But progress has come at a high cost. The report says: "Increases in consumption have contributed to the exponential growth in existing environmental problems. Serious challenges remain, including urban air quality, fresh water stress, agricultural land use (a threat to food security) and increased waste. The illegal traffic in electronic and hazardous waste is a new challenge affecting human health and the environment."

Environmental and economic policies have not been fully integrated, and that is a major obstacle in the path of an effective system of environmental management. The report says ecosystems and human health in Asia and the Pacific region continue to deteriorate, while population growth and rapid economic development causes more environmental damage and depletes natural resources further.

The air quality in the region is suffering serious damage because of growing energy needs and the "exploding" growth in the number of vehicles. In the 1990s, the number of cars and motorcycles in China and India rose by more than 10 percent a year.

Haze pollution from forest fires in Southeast Asia has worsened matters. Excessive use of surface and underground water, industrial pollution, and inefficient use of fresh water are responsible for the water crisis. There are also indications of unprecedented glacier retreats in the Himalayan-Hindukush region.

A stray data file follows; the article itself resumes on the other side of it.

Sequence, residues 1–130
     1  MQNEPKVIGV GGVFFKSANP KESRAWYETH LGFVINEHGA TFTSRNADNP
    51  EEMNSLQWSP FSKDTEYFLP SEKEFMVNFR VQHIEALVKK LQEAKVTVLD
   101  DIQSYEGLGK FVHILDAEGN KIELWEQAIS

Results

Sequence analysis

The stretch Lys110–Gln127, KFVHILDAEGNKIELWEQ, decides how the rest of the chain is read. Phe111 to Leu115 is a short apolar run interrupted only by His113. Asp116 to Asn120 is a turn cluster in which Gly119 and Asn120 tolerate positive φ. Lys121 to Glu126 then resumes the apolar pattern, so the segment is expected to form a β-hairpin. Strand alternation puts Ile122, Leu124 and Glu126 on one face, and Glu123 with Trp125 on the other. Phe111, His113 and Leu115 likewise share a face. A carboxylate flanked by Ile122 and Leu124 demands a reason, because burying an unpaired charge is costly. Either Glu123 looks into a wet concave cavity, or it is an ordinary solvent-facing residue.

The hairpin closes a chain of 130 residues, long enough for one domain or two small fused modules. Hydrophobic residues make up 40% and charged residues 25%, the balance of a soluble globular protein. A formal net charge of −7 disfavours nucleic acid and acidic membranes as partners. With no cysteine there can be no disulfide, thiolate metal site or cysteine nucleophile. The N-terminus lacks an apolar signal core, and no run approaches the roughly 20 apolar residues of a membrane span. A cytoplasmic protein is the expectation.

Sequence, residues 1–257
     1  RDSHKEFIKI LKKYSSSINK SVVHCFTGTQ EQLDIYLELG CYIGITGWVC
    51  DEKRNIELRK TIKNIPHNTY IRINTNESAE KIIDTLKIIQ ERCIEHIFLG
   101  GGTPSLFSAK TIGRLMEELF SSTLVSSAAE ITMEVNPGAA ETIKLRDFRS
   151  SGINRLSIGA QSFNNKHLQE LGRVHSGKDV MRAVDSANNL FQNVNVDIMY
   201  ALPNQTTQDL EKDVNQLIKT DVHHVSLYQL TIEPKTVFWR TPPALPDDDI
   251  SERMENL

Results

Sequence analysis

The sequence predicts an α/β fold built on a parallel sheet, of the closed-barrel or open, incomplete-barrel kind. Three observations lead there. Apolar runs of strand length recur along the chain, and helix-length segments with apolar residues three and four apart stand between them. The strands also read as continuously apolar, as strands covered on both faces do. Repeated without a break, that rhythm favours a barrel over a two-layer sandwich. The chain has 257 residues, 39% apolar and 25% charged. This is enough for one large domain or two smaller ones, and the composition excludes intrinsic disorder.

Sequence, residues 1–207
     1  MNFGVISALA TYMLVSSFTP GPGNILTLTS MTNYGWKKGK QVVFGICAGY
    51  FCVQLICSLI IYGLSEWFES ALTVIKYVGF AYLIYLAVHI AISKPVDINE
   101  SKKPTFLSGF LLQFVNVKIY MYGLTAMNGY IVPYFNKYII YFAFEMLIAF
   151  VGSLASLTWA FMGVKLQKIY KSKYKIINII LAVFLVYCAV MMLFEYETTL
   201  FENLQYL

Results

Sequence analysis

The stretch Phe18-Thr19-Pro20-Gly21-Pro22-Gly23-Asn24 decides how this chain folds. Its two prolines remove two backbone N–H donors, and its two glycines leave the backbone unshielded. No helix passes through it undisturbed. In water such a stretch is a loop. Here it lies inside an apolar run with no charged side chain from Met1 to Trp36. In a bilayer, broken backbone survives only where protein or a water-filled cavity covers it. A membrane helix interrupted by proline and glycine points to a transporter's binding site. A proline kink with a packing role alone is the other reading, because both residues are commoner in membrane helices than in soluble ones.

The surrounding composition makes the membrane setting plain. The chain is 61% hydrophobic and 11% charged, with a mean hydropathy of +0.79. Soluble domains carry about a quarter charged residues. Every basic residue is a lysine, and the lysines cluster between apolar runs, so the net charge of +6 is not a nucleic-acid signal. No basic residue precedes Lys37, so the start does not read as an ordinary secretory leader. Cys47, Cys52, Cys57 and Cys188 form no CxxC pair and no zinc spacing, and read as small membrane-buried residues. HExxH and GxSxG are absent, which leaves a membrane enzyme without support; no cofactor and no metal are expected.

Southeast Asian countries have earmarked 14.8 percent of their land for protection, above the world average of 12 percent for 2003. But elsewhere in the Asia and the Pacific region less than 10 per cent of land is protected.

Land sharks and the urbanization drive have caused arable land to shrink throughout the region, even though some countries appear to have taken counter-measures such as substituting new arable land for the degraded area.

The region has been the fastest developing in the world since the past two decades, imposing enormous pressure on the ecosystems such as mangrove forests and coral reefs. The newfound affluence of the region's peoples and their new lifestyles have changed consumption patterns, generating large quantities of waste. Unsanitary landfills contaminating the soil and groundwater are major causes for concern.

More than 90 percent of the 20-50 million tons of electronic waste that is generated every year across the globe ends up in Bangladesh, China, India, Myanmar and Pakistan. And Asian workers reportedly use "obsolete technologies to process 21st century wastes". Effective waste management strategies and systems are either completely lacking or else inadequate in many countries in the region, posing a serious threat to human and environmental health.

But the report also says technology can help reduce people's vulnerability. Humanity's future will be determined largely by the decisions individuals and society take now. "Our common future depends on our actions today, not tomorrow or some time in the future."